Department of Pharmacology & Chemical Biology at the University of Pittsburgh
Anthony Kanai, PhD
Associate Professor, Medicine
A1224 Scaife Hall
Pittsburgh, PA 15261

Email:
ajk5@pitt.edu
Phone: 412-624-1430

Fax: 412-648-7197


Education

BS (Biochemistry), Duquesne University, 1980.
MS (Pharmacology), Duquesne University, 1983.
PhD (Physiology), University of Pittsburgh, 1992.



Research Areas
Pharmacology of Cell and Organ Systems
Neuropharmacology
Photo of Anthony Kanai, PhD

Dr. Kanai is interested in autonomic regulation and cell-cell communication in the urinary bladder as it applies to incontinence and interstitial cystitis.  His laboratory was the first to study these using optical mapping, with voltage- and Ca2+-sensitive dyes, in intact rodent bladders, whole bladder sheets and cross-sections of the bladder wall.  This has allowed the visualization of spontaneous and evoked activity to determine the relationship of events occurring in the urothelium, lamina propria and detrusor.  It has also allowed the imaging of changes in neuropeptide release from afferent nerves and changes in electrical activity in the spinal cord and cerebral cortex (see figure below).  Optical maps are recorded along with pressure or tension and single-unit afferent activity to test and determine the sites-of-action of putative therapeutic agents such as botulinum toxin type-A, ß3-adrenergic receptor agonists and NK1/NK2 receptor antagonists.

The Kanai lab has also implemented a peptide dragging strategy for the subcellular targeting of drugs to prevent radiation cystitis.  Pelvic organ tumors in men and women accounted for 35% and 15%, respectively, of new tumors diagnosed in the United States in 2010.  While irradiation is a key therapy for treating these malignancies, the radiation dose is limited by the potential for developing radiation cystitis.  This novel targeting approach has resulted in the 2008 ASPET-Astellas award for translational pharmacology and a United States Patent.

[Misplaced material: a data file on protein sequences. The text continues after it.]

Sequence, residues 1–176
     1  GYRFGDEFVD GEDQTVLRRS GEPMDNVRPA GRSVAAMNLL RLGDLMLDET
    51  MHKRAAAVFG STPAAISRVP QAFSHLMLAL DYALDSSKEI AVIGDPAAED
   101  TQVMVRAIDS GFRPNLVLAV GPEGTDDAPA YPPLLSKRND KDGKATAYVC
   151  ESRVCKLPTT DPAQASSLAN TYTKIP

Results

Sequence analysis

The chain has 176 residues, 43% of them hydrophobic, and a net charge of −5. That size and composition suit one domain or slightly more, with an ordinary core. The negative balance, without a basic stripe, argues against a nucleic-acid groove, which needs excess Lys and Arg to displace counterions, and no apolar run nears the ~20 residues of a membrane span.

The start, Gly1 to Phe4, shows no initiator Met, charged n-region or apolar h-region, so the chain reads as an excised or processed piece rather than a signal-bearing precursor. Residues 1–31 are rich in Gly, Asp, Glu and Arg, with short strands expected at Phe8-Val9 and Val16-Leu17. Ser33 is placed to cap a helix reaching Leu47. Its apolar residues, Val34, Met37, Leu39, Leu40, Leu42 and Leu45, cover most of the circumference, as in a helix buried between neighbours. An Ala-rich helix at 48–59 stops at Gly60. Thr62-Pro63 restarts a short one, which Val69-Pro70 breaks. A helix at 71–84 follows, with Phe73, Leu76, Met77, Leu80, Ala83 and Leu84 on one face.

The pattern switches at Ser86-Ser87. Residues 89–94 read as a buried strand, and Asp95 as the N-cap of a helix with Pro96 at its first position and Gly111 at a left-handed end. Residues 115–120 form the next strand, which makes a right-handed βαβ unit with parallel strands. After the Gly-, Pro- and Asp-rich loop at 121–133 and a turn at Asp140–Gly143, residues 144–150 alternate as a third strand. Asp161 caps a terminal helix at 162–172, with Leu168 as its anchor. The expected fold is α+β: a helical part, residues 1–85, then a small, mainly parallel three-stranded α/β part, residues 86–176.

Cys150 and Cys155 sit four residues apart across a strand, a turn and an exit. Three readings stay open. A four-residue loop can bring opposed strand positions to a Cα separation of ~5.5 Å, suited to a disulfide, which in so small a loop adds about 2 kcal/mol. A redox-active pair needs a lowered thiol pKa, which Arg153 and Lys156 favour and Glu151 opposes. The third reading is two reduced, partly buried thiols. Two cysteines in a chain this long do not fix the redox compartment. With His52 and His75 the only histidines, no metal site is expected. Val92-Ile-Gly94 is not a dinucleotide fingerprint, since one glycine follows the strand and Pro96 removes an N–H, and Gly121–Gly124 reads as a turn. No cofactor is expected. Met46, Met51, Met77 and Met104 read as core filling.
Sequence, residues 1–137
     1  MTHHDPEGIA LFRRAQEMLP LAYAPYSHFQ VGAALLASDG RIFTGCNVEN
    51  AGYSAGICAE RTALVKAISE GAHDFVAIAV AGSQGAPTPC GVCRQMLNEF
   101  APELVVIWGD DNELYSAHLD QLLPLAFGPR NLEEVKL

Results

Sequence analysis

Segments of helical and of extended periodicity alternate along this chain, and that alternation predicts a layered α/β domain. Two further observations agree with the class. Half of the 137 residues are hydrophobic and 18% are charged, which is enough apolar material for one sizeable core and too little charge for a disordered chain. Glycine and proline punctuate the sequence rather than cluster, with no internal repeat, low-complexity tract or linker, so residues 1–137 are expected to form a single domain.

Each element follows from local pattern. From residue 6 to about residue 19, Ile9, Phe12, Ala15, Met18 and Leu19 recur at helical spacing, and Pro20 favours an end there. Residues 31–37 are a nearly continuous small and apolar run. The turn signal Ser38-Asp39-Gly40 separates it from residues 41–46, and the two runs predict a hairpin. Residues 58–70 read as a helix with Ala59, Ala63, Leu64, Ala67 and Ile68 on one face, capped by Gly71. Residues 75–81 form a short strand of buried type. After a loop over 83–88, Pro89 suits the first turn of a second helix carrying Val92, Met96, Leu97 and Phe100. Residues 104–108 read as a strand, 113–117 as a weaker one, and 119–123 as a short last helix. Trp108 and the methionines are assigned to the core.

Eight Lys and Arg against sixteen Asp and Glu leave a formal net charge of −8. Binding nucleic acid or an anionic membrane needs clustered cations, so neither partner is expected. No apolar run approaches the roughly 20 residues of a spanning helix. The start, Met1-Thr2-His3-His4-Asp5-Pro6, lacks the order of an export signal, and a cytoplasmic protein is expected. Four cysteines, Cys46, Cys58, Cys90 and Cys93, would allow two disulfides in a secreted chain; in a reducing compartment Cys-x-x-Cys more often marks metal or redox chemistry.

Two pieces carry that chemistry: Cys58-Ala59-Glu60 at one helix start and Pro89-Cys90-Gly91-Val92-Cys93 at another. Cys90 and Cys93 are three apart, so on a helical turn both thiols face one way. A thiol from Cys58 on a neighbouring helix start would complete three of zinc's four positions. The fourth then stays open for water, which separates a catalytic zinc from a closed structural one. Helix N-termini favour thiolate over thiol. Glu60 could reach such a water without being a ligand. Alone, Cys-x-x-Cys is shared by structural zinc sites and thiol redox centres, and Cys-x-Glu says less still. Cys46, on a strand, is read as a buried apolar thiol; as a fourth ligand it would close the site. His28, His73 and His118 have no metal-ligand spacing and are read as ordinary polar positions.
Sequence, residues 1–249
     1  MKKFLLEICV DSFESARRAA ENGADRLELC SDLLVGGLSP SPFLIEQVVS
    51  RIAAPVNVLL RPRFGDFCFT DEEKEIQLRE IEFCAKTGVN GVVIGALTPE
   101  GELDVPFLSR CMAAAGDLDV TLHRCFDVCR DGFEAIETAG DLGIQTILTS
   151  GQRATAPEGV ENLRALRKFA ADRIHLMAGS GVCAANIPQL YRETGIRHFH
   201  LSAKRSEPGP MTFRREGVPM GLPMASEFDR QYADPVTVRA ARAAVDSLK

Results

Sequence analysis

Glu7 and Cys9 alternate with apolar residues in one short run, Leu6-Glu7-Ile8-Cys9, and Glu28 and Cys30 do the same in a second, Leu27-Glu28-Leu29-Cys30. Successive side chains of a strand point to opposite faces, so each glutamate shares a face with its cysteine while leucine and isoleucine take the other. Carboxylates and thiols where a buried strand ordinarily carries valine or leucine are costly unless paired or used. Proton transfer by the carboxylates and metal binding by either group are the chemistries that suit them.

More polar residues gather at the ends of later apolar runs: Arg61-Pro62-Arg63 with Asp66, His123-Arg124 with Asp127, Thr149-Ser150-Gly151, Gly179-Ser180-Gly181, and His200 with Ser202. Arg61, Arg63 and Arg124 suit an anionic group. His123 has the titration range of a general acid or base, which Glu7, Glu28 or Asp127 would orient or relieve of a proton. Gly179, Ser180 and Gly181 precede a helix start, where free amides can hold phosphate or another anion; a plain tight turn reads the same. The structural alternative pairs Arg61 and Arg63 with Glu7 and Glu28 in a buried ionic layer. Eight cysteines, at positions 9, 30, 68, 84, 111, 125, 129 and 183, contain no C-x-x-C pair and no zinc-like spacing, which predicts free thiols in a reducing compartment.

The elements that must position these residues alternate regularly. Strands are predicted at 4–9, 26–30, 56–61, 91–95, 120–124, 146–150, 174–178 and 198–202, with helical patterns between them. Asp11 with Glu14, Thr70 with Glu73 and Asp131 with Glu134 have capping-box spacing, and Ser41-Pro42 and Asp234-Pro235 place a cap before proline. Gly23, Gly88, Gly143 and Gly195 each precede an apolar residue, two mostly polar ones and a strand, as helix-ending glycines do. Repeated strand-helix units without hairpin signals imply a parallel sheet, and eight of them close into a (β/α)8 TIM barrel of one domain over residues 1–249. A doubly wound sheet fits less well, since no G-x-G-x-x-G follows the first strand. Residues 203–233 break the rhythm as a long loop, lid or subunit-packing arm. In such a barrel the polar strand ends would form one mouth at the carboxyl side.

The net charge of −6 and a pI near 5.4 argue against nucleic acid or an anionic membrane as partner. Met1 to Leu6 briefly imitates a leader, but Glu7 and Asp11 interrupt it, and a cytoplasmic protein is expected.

Important Publications

Kanai A. Afferent mechanisms.  Handbook of Experimental Pharmacology 202:171-205, 2011

Kanai A, I Zabbarova, Y Ikeda, N Yoshimura, L Birder, A Hanna-Mitchell and W de Groat.  Sophisticated models and methods for studying neurogenic bladder dysfunction.  Neurology & Urodynamics 30:658-667, 2011.
Drake M, C Tannenbaum and A Kanai.  Potential insights into lower urinary tract function derived from CNS imaging.  Neurology and Urodynamics 26:13-19, 2010.

McCarthy C, I Zabbarova, P Brumovsky, J Roppolo, G Gebhart and A Kanai.  Spontaneous contractions evoke afferent nerve firing in detrusor overactivity. Journal of Urology 181:1459-1466, 2009.

Ikeda Y, L Birder, C Buffington, J Roppolo and A Kanai.  Mucosal muscarinic receptors enhance bladder activity in cats with feline interstitial cystitis.  Journal of Urology 181:1415-1422, 2009.

Ikeda Y and A Kanai.  Urotheliogenic modulation of intrinsic detrusor activity in spinal cord transected rat bladders:  The role of mucosal muscarinic receptors.  American Journal of Physiology 295:F454-F461, 2008.

Zabbarova I and A Kanai.  Mitochondrial targeting of radioprotectants Molecular Intervention 8:294-302, 2008.

Kanai A, J Roppolo, C Tai, L Birder, D Griffiths, Y Ikeda, I Zabbarova, W de Groat and C Fry. Origin of spontaneous activity in neonatal and adult rat bladders and its enhancement by stretch and muscarinic antagonists. American Journal of Physiology 292:F1065-F1072, 2007.




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